The Penn State researchers were recently awarded a grant to teach computers to generate original design ideas and to determine their technical feasibility. This initiative has been envisaged in the interest of national security, to give the United States a competitive advantage in technology-related sectors.

The 18-month project titled, “Generative Adversarial Networks for Design Exploration and Refinement,” or GANDER has the support of the Defense Advanced Research Projects Agency (DARPA). The project will try to determine whether a computer can be trained to do multiple things. Initially, a computer would generate novel engineering design ideas and then those generated ideas would be evaluated for feasibility in the real world.

This approach to machine learning is novel in that the researchers are moving away from merely instructing a computer on how to classify the difference between items in a given environment, say the difference between a car or a bicycle. This is more of an attempt to teach computers creativity — having them generate new concepts from scratch, which is of utmost importance in aspects of engineering design.


Researchers are exploring a domain of deep learning that is referred to as generative adversarial networks (GAN) which incorporate two competing neural networks: one to generate ideas and the other to dissect and determine whether the idea is of practical use.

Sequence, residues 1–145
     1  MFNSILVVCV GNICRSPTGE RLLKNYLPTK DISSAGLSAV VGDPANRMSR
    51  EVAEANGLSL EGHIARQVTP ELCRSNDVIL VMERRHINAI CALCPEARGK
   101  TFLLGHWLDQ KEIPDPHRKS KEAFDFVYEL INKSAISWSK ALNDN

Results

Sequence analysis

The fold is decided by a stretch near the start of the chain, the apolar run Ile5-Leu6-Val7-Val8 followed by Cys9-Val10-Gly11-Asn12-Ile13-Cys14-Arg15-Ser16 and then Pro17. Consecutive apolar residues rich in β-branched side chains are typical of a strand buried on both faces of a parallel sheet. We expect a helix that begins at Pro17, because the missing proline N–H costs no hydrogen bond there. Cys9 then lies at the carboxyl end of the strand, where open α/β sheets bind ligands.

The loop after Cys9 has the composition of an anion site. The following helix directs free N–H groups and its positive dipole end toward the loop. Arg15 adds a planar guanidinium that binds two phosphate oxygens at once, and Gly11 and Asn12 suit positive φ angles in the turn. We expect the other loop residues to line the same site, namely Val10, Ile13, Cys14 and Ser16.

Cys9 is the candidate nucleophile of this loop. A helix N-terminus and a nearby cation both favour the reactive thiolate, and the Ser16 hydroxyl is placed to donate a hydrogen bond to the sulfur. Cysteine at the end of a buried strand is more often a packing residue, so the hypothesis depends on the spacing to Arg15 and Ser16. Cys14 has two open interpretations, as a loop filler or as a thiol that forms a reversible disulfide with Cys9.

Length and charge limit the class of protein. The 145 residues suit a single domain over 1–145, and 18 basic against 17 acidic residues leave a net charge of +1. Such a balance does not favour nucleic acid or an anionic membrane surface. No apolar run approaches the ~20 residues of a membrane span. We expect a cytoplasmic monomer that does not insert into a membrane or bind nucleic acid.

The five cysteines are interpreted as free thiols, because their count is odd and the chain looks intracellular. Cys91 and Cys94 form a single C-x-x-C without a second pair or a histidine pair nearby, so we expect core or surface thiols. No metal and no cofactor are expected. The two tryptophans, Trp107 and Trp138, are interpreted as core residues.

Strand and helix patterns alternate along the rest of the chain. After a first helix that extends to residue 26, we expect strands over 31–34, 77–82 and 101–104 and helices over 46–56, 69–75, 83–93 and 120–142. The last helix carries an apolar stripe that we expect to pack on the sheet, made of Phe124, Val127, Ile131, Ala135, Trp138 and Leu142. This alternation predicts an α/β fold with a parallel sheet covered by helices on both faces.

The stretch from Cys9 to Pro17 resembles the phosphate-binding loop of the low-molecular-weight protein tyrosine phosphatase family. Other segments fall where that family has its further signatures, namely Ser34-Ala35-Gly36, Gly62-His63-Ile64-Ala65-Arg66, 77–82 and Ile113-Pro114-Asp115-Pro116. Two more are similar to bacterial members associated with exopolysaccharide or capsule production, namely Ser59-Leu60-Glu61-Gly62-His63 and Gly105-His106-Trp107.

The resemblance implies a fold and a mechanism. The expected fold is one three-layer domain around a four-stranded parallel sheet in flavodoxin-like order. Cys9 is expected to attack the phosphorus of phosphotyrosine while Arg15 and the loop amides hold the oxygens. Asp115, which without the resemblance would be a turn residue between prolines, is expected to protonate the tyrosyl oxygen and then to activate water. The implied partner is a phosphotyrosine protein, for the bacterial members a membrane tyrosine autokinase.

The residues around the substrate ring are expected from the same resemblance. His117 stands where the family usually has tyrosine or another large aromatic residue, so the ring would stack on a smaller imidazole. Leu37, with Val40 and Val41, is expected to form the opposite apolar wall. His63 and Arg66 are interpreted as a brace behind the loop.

Demonstration of the function to train multiple networks simultaneously in a virtual environment can help with the generation of innovative design concepts. With this, the discriminator component of GAN will be aware of the embedded environment in its model. In short, an iterative process till the idea generator network can fool the discriminator network into believing that a generated idea is really viable.

To create the discriminator network, the research team plans to make use of simulation environments (i.e., not unlike those used in virtual reality) to incorporate information about physics and physical attributes of the universe so that the designs generated are grounded in the physical laws that govern the real world.

As these two paradigms come together and turn successful, it would empower a wide range of industries to explore novel designs in an accelerated manner. While anyone can generate new ideas, the challenge lies in filtering the feasible ideas from the infeasible, especially those relevant to the physical laws of nature. Any machine-generated ideas will consecutively be guided onto design feasibility after the idea-generation phase.

There seems to be many applications that DARPA is likely interested in, not just in the area of defense. What’s crucial from an artificial intelligence (AI) point of view is being able to significantly reduce the time an AI system takes to learn about the physical properties of its environment. This will have a tremendous impact on autonomous systems in general.

Training a computer to become an expert designer is something that takes human beings several years to perfect. It also requires embedding physical characteristics of the universe into a system and training it to understand such properties. If successful, the significant strength of this project will be the synergy of a novel idea with it being grounded in the reality of the physical law.

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